The Whitney Museum of American Art was founded by Gertrude Vanderbilt Whitney (1875-1942), daughter of the fabulously wealthy railroad magnate Cornelius II Vanderbilt. After her marriage in 1896 to Harry Payne Whitney, a financier and brilliant polo player, she devoted much of her time to fine art, first as a sculptor, then - more importantly as a patron. Indeed, from roughly 1907 until World War II she was the leading buyer and collector of American art. In 1914, she formed the Whitney Studio in Greenwich Village, where she held exhibitions by living American painters and sculptors, many of whom had yet to be recognized. In 1929, she offered her assembly of more than 500 works to the city's Metropolitan Museum of Art, only to have her offer declined. In response to this, and also in part to the Museum of Modern Art's preference for European Modernism, she set up her own museum, dedicated to collecting, interpreting, and exhibiting modern art by American artists.

The Whitney Museum of American Art opened to the public in 1931 on West Eighth Street in Greenwich Village. It moved to its present building - designed by Marcel Breuer and Hamilton Smith - in 1966. In addition to this main location, The Whitney has also established a unique series of corporate-funded branches in other parts of New York City: including, the Equitable Center at Seventh Avenue and 52nd Street; and at the corporate headquarters of Philip Morris on Park Avenue and 42nd Street. At present, a new satellite museum building, designed by the renowned Italian architect Renzo Piano, is being constructed on Gansevoort St. Scheduled to open in 2012, the building will contain more than 50,000 square-feet of gallery space.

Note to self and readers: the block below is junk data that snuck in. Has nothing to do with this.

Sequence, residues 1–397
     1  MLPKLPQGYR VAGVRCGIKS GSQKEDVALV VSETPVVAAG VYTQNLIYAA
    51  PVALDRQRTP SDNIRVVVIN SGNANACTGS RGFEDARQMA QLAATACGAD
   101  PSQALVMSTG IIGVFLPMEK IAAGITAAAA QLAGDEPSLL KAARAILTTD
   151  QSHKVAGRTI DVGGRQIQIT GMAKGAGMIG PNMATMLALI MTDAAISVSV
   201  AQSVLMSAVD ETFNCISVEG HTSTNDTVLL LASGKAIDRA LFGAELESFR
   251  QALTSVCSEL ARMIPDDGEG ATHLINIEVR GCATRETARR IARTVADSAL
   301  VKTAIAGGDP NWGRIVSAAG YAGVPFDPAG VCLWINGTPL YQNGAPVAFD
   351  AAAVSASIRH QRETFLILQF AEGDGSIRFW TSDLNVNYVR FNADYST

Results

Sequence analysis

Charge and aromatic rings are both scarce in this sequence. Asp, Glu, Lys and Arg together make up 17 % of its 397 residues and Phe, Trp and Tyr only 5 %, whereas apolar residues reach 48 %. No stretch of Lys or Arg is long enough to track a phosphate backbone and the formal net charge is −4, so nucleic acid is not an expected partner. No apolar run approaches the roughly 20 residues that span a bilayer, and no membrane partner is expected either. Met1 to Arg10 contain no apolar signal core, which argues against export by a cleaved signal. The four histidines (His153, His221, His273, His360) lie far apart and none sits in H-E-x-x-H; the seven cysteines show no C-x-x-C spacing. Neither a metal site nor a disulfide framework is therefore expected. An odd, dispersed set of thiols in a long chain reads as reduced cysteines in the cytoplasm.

Gertrude Vanderbilt Whitney's daughter, Flora Payne Whitney, has followed in her mother's footsteps. From the latter's death in 1942 until 1974, she was President then Chairman of the museum, afterwards continuing as honorary chairman until her death in 1986. Her daughter, Flora Miller Biddle, succeeded her as museum president until 1985.

 

Acquisitions

The museum's initial core collection in 1931 consisted of Gertrude Vanderbilt Whitney's personal collection of about 600 works. It featured paintings by Thomas Hart Benton (1889-1875), George Wesley Bellows (1882-1925), Stuart Davis (1894-1964), Edward Hopper (1882-1967), Maurice Prendergast (1859-1924), and John Sloan (1871-1951). She continued adding to the Collection for the remainder of her lifetime.

Not all painters appreciated the Whitney's efforts. Mark Rothko, for instance - an artist from whom the museum bought works quite early in his career - could be difficult. In 1947 he refused to be included in any more Whitney Annuals, as he did not wish to be shown next to 'mediocre works.' See also: Mark Rothko's Paintings (1938-70).